Part 3: Local authority support for children and families

Children in need: A child is deemed “in need” if they are disabled or unlikely to achieve a reasonable standard of health or development unless certain services are provided to them. The local authority has a duty to provide services for children in need. Additionally, if the child is under the age of 5 and not attending school, then the local authority must provide day care for them.

Accommodation: Local authorities must provide accommodation for any child in need who has no-one with parental responsibility to care for them. This also applies to children that have a parent available, if staying with that parent would put the child at risk.

Children leaving care: Upon leaving care they should be given advice and assistance from the local authority. This could be anything ranging from financial to emotional assistance. They may also contribute to the expenses incurred by the young person regarding employment, training or education.

Part 4: Care and supervision

Orders: A care or supervision order may be granted by the court if a child is or is likely to suffer significant harm if they are not placed into local authority care. If, during family court, the court has concerns for a child’s welfare, they can direct the local authority to investigate. The local authority can then decide if they are going to apply for a care or supervision order.

When a care order is issued the local authority must take the child into care and accommodate them for the period of time the order is in force. The local authority will have parental responsibility for the child.

A supervision order makes it the duty of the supervisor to “advise, assist and befriend” the child and to consider applying to the court for a variation on the order if it is not being fully complied with. For example, an education supervision order may be granted if it is deemed that a child is not being properly educated.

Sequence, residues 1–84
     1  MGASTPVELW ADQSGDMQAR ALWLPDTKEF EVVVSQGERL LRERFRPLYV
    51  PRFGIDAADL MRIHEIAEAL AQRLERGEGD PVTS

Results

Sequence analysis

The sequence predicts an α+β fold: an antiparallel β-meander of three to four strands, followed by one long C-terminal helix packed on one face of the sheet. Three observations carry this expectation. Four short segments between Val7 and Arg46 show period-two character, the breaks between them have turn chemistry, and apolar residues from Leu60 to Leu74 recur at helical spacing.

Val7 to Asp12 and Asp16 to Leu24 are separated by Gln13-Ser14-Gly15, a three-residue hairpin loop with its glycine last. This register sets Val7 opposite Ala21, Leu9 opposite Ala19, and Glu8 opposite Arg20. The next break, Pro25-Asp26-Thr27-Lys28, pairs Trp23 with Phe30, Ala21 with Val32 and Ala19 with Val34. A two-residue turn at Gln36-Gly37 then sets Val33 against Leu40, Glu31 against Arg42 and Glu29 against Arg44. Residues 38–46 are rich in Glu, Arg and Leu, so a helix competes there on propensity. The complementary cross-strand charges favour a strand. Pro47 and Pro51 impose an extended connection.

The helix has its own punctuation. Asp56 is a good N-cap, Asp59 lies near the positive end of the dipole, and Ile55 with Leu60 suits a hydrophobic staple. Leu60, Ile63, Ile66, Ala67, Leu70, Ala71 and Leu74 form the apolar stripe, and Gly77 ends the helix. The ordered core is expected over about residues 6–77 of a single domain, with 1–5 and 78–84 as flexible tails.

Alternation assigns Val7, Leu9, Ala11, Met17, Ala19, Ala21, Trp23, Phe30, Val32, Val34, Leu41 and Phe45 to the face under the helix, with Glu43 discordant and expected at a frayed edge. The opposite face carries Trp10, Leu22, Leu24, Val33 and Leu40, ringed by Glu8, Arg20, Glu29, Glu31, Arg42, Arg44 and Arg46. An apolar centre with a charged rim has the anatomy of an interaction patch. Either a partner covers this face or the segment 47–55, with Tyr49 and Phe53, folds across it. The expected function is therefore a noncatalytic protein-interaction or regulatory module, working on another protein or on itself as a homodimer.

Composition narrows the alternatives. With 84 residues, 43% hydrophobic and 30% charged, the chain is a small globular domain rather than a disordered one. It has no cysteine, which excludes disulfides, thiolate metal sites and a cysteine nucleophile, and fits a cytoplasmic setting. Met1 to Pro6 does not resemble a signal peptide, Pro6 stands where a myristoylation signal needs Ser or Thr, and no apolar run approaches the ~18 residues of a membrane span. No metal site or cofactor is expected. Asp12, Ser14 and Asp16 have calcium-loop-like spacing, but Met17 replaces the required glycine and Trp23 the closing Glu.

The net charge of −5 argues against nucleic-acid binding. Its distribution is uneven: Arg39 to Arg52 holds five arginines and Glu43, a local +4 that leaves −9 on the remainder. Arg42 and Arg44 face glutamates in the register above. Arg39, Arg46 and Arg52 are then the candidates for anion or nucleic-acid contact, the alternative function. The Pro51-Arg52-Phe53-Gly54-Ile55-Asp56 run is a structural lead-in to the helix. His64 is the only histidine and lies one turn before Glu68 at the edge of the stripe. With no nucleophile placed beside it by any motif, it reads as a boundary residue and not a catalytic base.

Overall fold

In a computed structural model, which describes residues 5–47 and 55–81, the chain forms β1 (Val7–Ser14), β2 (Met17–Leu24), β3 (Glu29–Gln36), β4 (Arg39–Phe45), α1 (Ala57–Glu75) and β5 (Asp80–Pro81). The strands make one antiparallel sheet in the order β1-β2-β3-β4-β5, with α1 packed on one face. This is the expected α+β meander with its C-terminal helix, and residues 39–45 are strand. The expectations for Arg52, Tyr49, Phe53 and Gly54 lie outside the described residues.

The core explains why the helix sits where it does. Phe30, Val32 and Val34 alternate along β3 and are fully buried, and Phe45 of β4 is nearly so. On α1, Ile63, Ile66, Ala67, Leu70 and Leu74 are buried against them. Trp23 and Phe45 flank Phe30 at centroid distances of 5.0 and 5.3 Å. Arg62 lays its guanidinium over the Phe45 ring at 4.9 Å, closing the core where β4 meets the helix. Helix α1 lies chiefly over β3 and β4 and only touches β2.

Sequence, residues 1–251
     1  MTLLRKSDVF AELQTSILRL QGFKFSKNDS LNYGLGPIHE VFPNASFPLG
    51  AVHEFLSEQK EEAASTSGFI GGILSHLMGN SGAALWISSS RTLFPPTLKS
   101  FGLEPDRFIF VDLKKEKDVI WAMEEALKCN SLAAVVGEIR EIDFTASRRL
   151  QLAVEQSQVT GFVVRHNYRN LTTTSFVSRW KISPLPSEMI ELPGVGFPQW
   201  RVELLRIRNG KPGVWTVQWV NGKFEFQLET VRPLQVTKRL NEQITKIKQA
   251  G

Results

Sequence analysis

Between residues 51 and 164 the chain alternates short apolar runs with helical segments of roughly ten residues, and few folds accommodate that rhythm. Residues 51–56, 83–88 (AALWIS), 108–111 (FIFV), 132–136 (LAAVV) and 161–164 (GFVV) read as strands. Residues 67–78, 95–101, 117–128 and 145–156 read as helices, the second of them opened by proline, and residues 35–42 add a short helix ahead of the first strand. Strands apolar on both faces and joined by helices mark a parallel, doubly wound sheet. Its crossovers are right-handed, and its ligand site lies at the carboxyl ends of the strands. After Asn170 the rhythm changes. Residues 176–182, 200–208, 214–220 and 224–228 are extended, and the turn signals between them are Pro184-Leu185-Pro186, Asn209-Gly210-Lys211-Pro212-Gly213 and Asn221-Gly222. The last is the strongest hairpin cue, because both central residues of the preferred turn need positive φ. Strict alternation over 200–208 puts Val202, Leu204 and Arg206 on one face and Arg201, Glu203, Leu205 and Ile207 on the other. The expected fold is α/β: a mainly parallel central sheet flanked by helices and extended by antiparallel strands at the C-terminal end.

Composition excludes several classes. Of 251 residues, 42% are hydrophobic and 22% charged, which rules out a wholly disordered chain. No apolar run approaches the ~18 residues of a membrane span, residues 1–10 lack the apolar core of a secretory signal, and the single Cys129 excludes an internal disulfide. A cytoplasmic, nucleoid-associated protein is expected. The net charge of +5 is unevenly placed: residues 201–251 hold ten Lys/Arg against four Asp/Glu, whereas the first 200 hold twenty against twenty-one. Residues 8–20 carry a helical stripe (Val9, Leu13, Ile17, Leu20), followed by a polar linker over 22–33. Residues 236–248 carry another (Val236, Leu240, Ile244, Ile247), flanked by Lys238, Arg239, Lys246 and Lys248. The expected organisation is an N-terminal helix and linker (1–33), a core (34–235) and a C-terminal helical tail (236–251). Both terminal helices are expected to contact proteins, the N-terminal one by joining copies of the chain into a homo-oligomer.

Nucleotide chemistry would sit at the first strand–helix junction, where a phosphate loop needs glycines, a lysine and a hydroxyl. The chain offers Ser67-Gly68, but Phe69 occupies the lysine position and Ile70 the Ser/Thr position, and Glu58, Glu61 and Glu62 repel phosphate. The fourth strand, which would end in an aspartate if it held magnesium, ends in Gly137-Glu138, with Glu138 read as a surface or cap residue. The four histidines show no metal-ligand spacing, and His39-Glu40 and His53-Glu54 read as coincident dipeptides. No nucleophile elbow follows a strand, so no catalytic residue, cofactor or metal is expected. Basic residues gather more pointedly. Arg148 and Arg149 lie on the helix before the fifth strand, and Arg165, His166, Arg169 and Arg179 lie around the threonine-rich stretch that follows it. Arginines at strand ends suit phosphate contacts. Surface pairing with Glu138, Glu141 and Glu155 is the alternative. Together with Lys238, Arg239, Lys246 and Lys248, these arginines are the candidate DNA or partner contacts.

An interim order may be made if there are reasonable grounds to believe that the subject child has suffered, or is likely to suffer, significant harm.

Guardians: A guardian shall be appointed by the court to safeguard the child’s interests unless this is deemed to not be required by the court. The court can also appoint a solicitor to represent the child. The guardian is under an obligation to represent and safeguard the interests of the child during the currency of the legal proceedings.

Part 5: Protection of children

Child assessment orders can be requested by the local authority if they believe it would not be possible to complete a proper assessment without an order. It must only be requested if the applicant has reason to believe that the child is likely to suffer significant harm.

An emergency protection order can be requested if it is believed a child is likely to suffer significant harm if they are not taken to, or remain in, a place of safety. This is similar to police protection provisions – they do not require a court order.

Part 6: Community Homes

All local authorities must ensure they have community homes available to utilise for children looked after. This may be a home which is controlled by the local authority or a voluntary organisation working on behalf of the local authority.